by Elizabeth Renter
China has somewhat of a history when it comes to refusing GMOs from the United States. Now, due to fears that genetically modified grains will find their way in, China recently put the brakes on some U.S. grain imports, imports that amount to hundreds of thousands of tons per month. According to Bloomberg Businessweek, the move by Chinese regulators is just the latest in an effort from the country to keep GM corn outside of its borders.
The grain in question is a corn product known as DDGS, or dried distillers’ grains. Used in animal feed production, it is essentially a leftover from when corn is processed into ethanol.
Almost half of all U.S. corn in made into ethanol, leaving plenty of DDGS to go around. China is the United States’ top importer of DDGS. Last year they bought 34 percent of DDGS exports, more than twice as much as Mexico, who imported the second-largest amount.“It looks like the government is determined to stop any form of corn imports from the U.S.,” said Sylvia Shi, from the Shanghai-based agricultural research company Shanghai JC Intelligence Co.
GMO Watch reports:
“This development did not come as a total surprise, following as it did China’s recent rejection of 1.1 million metric tons of Syngenta corn containing the unapproved GMO strain MIR162. Official news said that though Syngenta has repeatedly submitted the Lepidoptera-resistant GM corn for review and import into China, the documenting information and experimental data were incomplete and problematic. Thus the corn is still under assessment and has not been approved for import.”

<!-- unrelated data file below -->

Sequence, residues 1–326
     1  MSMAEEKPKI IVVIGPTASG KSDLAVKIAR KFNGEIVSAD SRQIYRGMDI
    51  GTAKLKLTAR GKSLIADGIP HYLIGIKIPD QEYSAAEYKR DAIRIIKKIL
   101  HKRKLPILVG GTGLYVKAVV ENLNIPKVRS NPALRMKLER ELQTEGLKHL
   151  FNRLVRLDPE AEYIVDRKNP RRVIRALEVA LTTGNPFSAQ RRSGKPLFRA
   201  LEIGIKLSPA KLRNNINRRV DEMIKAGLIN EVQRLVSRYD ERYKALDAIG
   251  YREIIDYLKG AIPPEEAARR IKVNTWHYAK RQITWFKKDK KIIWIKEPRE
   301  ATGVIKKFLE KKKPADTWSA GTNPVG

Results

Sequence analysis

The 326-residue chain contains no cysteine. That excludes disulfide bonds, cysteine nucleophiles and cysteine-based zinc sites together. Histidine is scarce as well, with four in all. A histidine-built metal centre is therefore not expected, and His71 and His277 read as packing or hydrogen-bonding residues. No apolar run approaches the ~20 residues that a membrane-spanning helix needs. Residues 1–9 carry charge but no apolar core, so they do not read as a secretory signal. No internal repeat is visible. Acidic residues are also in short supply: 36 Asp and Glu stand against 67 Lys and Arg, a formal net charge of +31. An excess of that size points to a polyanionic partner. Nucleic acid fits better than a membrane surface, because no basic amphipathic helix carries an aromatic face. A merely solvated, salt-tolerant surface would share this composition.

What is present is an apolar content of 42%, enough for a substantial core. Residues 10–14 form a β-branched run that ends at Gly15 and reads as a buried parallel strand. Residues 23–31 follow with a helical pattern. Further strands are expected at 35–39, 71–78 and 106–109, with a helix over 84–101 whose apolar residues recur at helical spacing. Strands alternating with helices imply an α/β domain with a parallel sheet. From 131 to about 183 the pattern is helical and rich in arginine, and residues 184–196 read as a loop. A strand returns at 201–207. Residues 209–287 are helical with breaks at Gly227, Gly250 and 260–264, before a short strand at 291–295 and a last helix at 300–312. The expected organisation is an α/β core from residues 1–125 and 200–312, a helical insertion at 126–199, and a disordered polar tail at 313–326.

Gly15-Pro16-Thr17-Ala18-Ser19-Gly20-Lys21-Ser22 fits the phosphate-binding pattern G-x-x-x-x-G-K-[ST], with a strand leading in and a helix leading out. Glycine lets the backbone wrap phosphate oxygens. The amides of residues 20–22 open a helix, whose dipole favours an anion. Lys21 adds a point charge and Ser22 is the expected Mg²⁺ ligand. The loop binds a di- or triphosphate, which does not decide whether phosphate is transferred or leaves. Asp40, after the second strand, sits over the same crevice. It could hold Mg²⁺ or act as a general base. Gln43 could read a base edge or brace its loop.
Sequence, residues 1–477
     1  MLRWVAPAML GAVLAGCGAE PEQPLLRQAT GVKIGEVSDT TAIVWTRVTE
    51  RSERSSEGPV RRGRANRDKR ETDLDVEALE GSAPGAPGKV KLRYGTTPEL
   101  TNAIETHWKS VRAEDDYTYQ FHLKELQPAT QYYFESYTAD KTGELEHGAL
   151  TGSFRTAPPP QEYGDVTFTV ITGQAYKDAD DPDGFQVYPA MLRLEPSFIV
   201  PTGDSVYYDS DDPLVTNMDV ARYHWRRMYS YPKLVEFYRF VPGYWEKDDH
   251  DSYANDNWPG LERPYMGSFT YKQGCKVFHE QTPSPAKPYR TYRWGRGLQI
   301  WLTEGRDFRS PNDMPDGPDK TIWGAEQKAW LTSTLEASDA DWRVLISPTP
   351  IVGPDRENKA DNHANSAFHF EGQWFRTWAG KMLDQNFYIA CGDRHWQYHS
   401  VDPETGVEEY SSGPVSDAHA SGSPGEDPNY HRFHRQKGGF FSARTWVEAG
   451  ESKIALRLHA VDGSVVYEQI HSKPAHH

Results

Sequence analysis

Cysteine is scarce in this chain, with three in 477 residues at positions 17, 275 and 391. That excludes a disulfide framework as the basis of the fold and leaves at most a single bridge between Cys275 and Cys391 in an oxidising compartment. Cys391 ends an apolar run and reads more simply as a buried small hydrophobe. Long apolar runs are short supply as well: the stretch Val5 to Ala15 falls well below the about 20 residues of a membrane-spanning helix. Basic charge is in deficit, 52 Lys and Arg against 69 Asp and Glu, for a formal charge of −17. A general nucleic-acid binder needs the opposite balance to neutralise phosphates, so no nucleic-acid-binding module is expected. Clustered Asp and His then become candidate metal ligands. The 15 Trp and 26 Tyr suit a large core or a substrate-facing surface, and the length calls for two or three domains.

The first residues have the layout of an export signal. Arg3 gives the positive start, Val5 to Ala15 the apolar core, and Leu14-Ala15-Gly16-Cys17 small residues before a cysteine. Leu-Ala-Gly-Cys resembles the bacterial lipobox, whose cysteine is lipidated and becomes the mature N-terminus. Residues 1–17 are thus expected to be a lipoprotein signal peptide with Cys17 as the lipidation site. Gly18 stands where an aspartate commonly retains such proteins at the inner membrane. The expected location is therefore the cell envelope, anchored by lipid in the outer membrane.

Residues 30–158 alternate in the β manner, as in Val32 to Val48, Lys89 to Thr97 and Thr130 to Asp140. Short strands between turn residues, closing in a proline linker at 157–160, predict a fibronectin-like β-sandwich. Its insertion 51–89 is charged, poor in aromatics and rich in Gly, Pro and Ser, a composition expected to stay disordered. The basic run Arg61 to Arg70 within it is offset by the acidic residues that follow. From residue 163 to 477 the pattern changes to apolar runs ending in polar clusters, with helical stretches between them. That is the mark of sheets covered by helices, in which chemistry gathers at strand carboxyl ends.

And all of this isn’t terribly surprising. China previously destroyed a total of at least three genetically modified corn shipments with origins from the United States in a move that echoes the way in which the nation of Hungary actually went and destroyed acres upon acres of Monsanto’s GMO corn fields. The soveriergn state also refused over 887,000 tonnes of GMO corn shipped from the U.S. since just last November.
The import stoppage is seen as a “win-win” for China, who believes short-term losses of DDGS supply will eventually lead to gains when U.S. farmers see the value in turning away from GM corn. One can only hope it will be this simple.